Cedarbrook Lodge in SeaTac is more than just a fancy retreat. It also keeps finding itself a symbol of our economic times.
It was built by Washington Mutual (remember them?), so it first became a monument to the subprime- and hubris-fueled boom. Then it became scraps of the crash, when the feds shut down WAMU and all but gave the declining conference center to Chase Bank.
After being sold in 2009 and reborn as a hotel, Cedarbrook this year became the very public face of opposition to the $15 minimum wage movement.
The manager was the most outspoken of all against the Proposition 1 measure in SeaTac, saying a $15 wage could turn the town into an economic desert island.
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At one public hearing Scott Ostrander’s anguish about the wage law was palpable.
“I am shaking here tonight because I am going to be forced to lay people off for something that is not their fault,” he told the crowd. “I’m going to take away their livelihood. That hurts.
“This initiative will destroy this community.”
Well, now Cedarbrook is a symbol for an entirely different reason: that maybe raising the wage to $15 is no big deal after all.
Three days after a hand recount certified that Proposition 1 passed, Cedarbrook broke ground on a $16 million expansion. The project will add 63 rooms, a 3,350-square-foot spa and — most notably when it’s done — 25 new jobs.
So the hotel is going to be hiring, not firing.
Ostrander says he stands by what he said in the campaign.
“All the statements I made are as true today as they were yesterday,” he says. “This wage law is going to be tough on many, many businesses in SeaTac.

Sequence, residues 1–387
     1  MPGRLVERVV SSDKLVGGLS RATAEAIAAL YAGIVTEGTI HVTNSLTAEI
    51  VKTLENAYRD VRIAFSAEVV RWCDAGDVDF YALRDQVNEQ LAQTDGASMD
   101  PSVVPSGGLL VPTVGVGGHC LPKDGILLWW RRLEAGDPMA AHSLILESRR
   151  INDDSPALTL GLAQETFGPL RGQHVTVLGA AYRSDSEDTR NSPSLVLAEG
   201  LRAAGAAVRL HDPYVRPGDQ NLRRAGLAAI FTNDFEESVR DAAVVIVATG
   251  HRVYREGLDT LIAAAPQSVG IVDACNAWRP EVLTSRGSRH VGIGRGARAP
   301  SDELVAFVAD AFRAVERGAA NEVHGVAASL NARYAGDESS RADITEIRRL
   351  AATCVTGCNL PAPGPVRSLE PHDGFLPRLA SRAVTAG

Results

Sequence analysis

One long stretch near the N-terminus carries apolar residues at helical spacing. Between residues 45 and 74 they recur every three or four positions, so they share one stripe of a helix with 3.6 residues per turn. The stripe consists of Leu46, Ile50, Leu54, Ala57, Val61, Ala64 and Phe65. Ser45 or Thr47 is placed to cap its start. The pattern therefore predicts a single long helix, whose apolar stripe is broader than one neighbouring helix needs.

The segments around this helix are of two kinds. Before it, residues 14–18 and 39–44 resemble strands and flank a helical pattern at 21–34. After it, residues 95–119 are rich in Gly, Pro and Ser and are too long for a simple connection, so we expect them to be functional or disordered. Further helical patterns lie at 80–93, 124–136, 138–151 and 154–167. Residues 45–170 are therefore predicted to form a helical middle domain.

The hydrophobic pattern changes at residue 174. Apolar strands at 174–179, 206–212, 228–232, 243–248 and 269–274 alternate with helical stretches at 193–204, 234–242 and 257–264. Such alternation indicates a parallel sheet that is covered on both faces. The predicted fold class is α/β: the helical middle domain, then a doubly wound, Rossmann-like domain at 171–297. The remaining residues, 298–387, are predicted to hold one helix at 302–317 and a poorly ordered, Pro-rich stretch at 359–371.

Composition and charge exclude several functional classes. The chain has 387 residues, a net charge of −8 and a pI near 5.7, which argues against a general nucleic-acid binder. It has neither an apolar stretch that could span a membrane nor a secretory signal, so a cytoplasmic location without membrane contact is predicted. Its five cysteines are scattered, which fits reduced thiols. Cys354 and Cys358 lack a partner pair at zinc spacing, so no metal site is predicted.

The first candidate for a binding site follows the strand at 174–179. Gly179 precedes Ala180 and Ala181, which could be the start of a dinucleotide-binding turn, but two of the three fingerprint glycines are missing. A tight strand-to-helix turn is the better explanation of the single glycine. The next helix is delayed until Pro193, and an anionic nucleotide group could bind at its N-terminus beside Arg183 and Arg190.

“Mine is just one business, out of the 73 directly affected, and we have figured out a way to get through it.”
Ostrander said Cedarbrook decided to forge ahead with the long-talked-about expansion now because of the wage law (which, pending court challenges, is set to take effect Jan. 1).
“This expansion is a method to get us more revenue to offset the costs and burdens of Proposition 1,” he said. “The expansion basically is to allow us to stay in business.”
I have been a skeptic since day one of the $15 wage drive. The goal is worthy, but using government power to force, overnight, a 60 percent shift in private wages seems almost certain to trigger unforeseen consequences.
But talk about unforeseen! I don’t think even the law’s most starry-eyed backers figured any business, let alone this one, would respond by pouring this much money in, to nearly double in size. Spending $16 million at one hotel is major economic activity in SeaTac. (Cedarbrook was bought for just $9 million in 2009.)
Ostrander said it’s a boutique hotel, with big-money backers, so it should be considered an outlier. Fair point. Sandwich shops or car-rental parking lots probably can’t absorb higher wage costs as easily.
“That we found a way to adapt does not mean everybody will,” he said.
Given this story, I think it’s wise to take a “wait-and-see” approach on that.
Regardless, Cedarbrook’s turn as a symbol of the income-inequality era probably is just getting started. That’s because one of Cedarbrook’s owners happens to be Howard S. Wright III — who last week was appointed by Seattle Mayor-elect Ed Murray to co-chair a new committee on whether to raise the minimum wage in Seattle.
Wright told me he’s open to raising wages, and he’s not involved day-to-day with Cedarbrook. Still, due to the hotel’s prominence in the SeaTac debate, the first time he raises concerns about a $15 wage — that it could cause hardship, say — the combative response is likely to be: “Oh, like it didn’t at your hotel?”
“I don’t see it that way,” Wright said. “Every business is different. That’s the real challenge in Seattle — how to narrow the wage gap while honoring all types of businesses out there.”
No crystal ball, but the symbols seem to be saying: Expect a $15 wage in Seattle in the new year.
Danny Westneat’s column appears Wednesday and Sunday. Reach him at 206-464-2086 or firstname.lastname@example.org